Knocked Down, but Not Out, MICAP Back on Patrol and Operational
Saturday, October 28, 2017
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Photo Caption:
Civil Air Patrol airplane hangar crushed during landfall of Hurricane Irma in Marco Island, Fla.


By Maj Bob Corriveau, Marco Island Senior Squadron
Marco Island, Fla.--
On October 7th, just short of a month after Irma struck and dealt a devastating blow to the Marco Island Senior Squadron (MICAP) hangar, the Squadron was operating from “temporary” facilities and launching its weekly Wilderness Waterway Coastal Patrol.  

But that is not the total story, because now the real work begins - work that requires all the community help the squadron can get. Within the next few weeks, the destroyed hangar section of the Civil Air Patrol building at Marco Executive Airport will be cut away and removed.  Once that has been accomplished, bids will be solicited for rebuilding the hangar.  

Fourteen years ago, it was through the generosity of our community and CAP members that the building and hangar were successfully funded and erected. The resulting MICAP facility was the pride of the Florida Wing and envied by CAP Squadrons all over America. 

"At the time of construction, the gold star standard was to build for a Cat 2 storm. Obviously, we’ll need to rebuild to current code specifications," said Marco Squadron Commander, Bob Corriveau.

Immediately after Irma left Florida, CAP aircraft were brought back into Florida and stationed at the Punta Gorda Airport performing aerial reconnaissance missions for FEMA in response to the Irma disaster. MICAP mission pilots and mission radio operators volunteered for these missions.

Meanwhile, back at the Marco Airport, arrangements were made for a temporary hangar was for the aircraft through the the generosity of squadron member 1st Lt. Bill Rodgers.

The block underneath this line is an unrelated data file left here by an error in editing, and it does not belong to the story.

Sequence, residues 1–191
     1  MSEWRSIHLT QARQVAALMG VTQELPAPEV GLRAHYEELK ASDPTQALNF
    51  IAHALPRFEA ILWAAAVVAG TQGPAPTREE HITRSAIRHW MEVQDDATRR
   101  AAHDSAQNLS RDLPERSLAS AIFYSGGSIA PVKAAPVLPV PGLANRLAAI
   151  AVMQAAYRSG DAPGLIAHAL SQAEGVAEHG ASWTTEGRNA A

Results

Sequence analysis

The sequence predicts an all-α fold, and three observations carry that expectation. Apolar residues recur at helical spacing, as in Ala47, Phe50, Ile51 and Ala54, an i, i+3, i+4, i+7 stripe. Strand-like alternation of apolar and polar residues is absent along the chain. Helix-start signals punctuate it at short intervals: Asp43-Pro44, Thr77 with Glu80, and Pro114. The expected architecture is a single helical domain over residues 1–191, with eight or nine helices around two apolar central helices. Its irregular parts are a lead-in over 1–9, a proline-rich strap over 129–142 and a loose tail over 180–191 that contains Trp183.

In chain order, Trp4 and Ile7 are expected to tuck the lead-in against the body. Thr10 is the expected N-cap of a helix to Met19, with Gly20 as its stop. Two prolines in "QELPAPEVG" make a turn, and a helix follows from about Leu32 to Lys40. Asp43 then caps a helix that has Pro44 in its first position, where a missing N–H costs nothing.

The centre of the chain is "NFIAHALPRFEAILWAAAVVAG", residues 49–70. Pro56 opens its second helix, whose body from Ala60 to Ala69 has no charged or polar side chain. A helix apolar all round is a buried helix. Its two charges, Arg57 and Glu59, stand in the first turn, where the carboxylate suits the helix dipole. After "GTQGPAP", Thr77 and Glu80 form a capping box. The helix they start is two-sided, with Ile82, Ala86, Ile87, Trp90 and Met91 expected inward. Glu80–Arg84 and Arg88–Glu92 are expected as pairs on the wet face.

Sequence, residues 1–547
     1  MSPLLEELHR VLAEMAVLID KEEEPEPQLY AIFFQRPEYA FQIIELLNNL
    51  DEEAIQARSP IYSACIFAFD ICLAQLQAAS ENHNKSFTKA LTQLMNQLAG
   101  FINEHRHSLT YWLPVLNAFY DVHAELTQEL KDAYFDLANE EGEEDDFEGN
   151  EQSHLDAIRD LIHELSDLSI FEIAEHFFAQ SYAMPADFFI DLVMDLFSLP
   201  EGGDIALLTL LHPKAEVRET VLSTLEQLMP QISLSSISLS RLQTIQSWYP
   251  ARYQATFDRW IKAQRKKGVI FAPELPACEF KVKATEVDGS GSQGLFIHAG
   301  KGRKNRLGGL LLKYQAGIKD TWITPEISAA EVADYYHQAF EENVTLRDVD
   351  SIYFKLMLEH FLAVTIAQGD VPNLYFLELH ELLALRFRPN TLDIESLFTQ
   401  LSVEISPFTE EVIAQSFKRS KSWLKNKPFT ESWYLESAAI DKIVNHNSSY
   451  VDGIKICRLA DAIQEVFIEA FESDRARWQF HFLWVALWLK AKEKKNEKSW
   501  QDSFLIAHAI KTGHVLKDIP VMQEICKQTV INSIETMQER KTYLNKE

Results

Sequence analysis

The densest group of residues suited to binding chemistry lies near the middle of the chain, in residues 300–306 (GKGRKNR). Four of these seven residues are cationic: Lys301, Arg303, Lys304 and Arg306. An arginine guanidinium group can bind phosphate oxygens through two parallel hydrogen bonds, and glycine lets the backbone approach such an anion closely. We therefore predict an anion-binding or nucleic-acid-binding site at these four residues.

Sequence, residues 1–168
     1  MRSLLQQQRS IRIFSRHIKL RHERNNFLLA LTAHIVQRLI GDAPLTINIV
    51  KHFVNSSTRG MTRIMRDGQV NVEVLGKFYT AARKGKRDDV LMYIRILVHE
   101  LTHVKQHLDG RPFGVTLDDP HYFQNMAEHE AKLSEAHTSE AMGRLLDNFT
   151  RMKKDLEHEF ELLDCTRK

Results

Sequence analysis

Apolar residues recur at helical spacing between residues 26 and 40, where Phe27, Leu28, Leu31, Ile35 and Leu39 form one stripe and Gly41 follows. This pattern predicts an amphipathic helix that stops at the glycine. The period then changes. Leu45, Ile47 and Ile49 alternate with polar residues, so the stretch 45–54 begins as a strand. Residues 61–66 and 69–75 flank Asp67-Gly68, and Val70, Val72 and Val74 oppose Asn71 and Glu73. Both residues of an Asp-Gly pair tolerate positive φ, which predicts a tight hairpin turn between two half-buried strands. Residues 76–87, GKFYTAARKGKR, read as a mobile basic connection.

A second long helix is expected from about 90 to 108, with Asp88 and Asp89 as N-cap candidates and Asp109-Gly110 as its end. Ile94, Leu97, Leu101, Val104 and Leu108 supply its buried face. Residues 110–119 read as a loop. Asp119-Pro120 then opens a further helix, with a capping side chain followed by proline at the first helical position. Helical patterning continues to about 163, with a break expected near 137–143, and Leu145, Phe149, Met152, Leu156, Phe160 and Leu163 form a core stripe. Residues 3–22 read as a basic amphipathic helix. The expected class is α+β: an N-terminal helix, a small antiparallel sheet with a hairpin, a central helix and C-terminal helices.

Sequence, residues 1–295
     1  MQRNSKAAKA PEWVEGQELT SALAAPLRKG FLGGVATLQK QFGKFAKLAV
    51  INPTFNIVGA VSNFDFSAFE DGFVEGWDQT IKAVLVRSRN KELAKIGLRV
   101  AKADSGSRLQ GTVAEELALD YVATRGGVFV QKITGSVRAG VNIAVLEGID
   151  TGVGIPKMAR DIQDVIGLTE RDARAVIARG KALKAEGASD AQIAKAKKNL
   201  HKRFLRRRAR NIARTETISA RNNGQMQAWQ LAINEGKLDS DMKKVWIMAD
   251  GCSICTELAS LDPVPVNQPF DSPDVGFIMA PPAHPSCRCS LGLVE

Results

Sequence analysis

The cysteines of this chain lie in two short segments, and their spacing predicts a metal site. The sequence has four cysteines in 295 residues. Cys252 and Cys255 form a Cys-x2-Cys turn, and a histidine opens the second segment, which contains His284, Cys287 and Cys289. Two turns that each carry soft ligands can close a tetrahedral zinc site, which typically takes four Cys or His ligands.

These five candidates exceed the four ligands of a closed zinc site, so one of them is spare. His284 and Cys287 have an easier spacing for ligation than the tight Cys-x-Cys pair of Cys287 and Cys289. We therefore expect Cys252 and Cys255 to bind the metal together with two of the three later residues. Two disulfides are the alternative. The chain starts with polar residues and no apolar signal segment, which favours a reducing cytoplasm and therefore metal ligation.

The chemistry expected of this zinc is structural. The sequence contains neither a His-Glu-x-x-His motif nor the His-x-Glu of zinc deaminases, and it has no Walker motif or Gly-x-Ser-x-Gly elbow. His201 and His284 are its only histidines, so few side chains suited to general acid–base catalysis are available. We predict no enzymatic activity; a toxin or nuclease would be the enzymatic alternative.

The CAP plane returned to MICAP on Sunday, October 1st. All hands were on deck during that first week of October to perform the following: wash and polish the plane to prepare it for further assignment and secure the plane in the temporary hangar.

The members also installed a temporary radio station and antenna at the south end of the airport terminal building. Under the direction of assistant communication officer, Major Jim Carrender, the communications system was tested and approved. This put the squadron on schedule and ready for the first coastal patrol mission scheduled for Saturday, the 7th. 

“Communications are vital to our missions. Our aircraft needs to report its activity to mission base every 15 minutes, so without a radio station, missions cannot be performed,” explained Corriveau.

"Bringing the Squadron back to operational readiness would not have been accomplished without the untiring help and assistance of Collier County Airport Authority Manager Justin Lobb," said Corriveau. 

Lobb commented, “we have a long and friendly relationship with the Civil Air Patrol (CAP) and will do whatever we can to facilitate their getting back to normal operations.” 

Bob Boone - Dave Dumas - Bob Corriveau back on the job at temporary hangar 

Jim Carrender puts up the temporary antenna

Dave Dumas - Justin Lobb - Bob Corriveau at the temporary communications room 




Article Information
Reviewed by: Maj. Marian Motyl-Szary
Syndicated to: Region Hq, Florida Wing, Group 5, Florida Feature
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Origin

Civil Air Patrol, the longtime all-volunteer U.S. Air Force auxiliary, is the newest member of the Air Force’s Total Force, which consists of regular Air Force, Air National Guard and Air Force Reserve, along with Air Force retired military and civilian employees. CAP, in its Total Force role, operates a fleet of 550 aircraft and performs about 90 percent of continental U.S. inland search and rescue missions as tasked by the Air Force Rescue Coordination Center and is credited by the AFRCC with saving an average of 78 lives annually. Civil Air Patrol’s 56,000 members nationwide also perform homeland security, disaster relief and drug interdiction missions at the request of federal, state and local agencies. Its members additionally play a leading role in aerospace education and serve as mentors to more than 24,000 young people currently participating in the CAP cadet program. Performing missions for America for the past 75 years, CAP received the Congressional Gold Medal in 2014 in honor of the heroic efforts of its World War II veterans. CAP also participates in Wreaths Across America, an initiative to remember, honor and teach about the sacrifices of U.S. military veterans. Visit www.capvolunteernow.com for more information.
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